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Democratic Gov. Jared Polis faulted hospitals for high costs while making record profits. The Colorado Hospital Association says many hospitals have negative operating margins.
Colorado Gov. Jared Polis said it’s time to hold hospitals accountable for the high costs they are passing onto patients.
Colorado’s hospitals say many are struggling to stay afloat.
In his annual State of the State Address Tuesday, the Democratic governor said hospitals are charging too much even as they sit on large reserves.
“Sadly, we are among the top 10 states for hospital cost, price and profit. Let’s change that,” Polis said in his address. (Here’s a transcript and video from Colorado Public Radio.)
“Some large hospital systems are making record profits, paying zero taxes, and sitting on enormous reserves while overcharging customers,” Polis said. “Meanwhile, they are consolidating providers, which drives up costs and leaves fewer options for Coloradans.
“It’s time that we hold them accountable. First and foremost, that means stop overcharging patients,” he added.
He also called on nonprofit hospitals to work with their communities to provide mental health and maternity care services, and to support other efforts to address the social determinants of health, including food and housing insecurity.
Colorado’s hospitals say their financial picture is much more disturbing than the governor’s assessment.
Days before the governor’s address, the Colorado Hospital Association released an annual report outlining the financial struggles of the state’s healthcare providers.
Many are operating with negative margins, with expenses surpassing revenues, the association says. More than half of Colorado’s hospitals are in “unsustainable financial situations,” the report states.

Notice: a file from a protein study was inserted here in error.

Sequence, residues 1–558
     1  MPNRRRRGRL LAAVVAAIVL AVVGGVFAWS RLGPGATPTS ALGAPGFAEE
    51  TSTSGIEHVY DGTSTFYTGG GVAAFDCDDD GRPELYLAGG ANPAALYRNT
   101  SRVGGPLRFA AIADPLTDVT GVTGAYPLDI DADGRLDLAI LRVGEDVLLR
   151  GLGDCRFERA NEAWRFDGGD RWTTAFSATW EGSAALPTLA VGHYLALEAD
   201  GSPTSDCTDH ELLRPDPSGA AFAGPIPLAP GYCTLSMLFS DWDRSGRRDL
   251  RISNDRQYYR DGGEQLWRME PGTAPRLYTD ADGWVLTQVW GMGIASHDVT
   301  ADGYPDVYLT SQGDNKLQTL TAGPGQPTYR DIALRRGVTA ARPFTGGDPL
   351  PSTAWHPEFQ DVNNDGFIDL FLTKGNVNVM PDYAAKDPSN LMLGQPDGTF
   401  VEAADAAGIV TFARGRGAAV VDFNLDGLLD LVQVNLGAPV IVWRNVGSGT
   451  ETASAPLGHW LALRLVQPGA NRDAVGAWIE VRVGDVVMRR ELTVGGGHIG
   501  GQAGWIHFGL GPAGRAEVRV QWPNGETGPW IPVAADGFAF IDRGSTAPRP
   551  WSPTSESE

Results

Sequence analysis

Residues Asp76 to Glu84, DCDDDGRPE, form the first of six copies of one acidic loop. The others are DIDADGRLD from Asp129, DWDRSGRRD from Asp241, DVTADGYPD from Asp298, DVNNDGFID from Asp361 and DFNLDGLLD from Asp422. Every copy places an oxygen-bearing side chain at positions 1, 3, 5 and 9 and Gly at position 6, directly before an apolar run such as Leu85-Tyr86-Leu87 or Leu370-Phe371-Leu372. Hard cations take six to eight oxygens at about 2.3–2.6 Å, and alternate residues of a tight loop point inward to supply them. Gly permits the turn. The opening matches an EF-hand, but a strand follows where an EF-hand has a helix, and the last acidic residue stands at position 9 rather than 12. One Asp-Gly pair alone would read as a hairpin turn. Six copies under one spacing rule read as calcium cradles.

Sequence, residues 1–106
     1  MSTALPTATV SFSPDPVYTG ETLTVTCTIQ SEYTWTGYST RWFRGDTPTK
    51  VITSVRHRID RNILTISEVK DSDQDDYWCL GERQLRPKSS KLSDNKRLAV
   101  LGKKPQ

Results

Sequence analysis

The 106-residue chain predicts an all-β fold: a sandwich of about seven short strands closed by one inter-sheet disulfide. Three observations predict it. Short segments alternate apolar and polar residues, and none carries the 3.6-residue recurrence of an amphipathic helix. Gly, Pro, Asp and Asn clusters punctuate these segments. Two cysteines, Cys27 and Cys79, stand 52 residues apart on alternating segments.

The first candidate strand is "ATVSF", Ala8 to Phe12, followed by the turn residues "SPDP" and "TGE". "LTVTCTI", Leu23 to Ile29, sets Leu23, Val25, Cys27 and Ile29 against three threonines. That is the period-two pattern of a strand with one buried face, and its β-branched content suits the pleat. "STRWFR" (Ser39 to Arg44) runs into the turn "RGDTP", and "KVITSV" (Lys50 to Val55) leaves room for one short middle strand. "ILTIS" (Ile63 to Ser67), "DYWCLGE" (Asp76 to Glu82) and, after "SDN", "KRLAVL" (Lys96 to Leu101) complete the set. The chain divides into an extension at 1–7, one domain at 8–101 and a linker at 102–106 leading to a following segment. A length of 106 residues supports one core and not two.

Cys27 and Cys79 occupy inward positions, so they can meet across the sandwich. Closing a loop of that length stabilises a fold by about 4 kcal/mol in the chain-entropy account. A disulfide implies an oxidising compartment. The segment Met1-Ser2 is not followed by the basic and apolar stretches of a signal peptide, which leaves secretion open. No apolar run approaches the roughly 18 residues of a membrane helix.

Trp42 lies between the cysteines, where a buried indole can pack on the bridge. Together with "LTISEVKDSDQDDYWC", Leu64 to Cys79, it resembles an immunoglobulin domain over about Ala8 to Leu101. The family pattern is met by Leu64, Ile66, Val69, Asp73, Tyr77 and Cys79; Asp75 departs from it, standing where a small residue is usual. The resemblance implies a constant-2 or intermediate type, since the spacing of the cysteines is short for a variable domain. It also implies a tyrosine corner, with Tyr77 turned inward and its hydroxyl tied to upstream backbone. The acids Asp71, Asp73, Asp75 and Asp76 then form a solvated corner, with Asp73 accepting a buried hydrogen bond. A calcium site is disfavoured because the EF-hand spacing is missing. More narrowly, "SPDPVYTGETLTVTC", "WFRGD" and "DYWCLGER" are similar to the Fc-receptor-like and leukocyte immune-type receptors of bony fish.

Through August 2022, Colorado hospitals have lost a cumulative $1.8 billion since the beginning of the COVID-19 pandemic, according to the report.
Like hospitals around the country, Colorado hospitals are struggling with higher labor costs, which are 26% higher than pre-pandemic levels, the association says. Due largely to increased expenses for staffing and medical supplies, the state’s hospitals have seen a $2 billion increase in total expenses.
While Colorado hospitals are seeing fewer patients, they are seeing patients with more serious illness, which is also a trend being seen around the country. Nationwide, hospital leaders said they are dealing with sicker patients requiring longer hospital stays. Healthcare leaders say many patients have delayed seeking healthcare in the pandemic, and now they are showing up in hospitals with more advanced illness.
In Colorado, the length of stay for patients rose 14% in 2022, the association said. Meanwhile, inpatient and outpatient surgeries remain lower than pre-pandemic levels.
In a statement accompanying the group’s report, Jeff Tieman, president and CEO of the Colorado Hospital Association, said the state’s policymakers need to be aware of the serious financial difficulties hospitals are facing.
“Almost three years into the pandemic, hospitals continue to meet their missions and provide life-saving, accessible care for patients and communities,” Tieman said in the statement. “At the same time, they are managing staff constraints, financial pressures, and growing regulatory burden.”
Colorado’s governor has been focused on hospitals. Last year, he signed a law designed to protect patients from surprise medical bills and ensure Colorado hospitals were complying with federal price transparency law.
“This is a great step in improving the healthcare system to ensure affordable, high-quality care for all Coloradans and saving people money,” Polis said last August.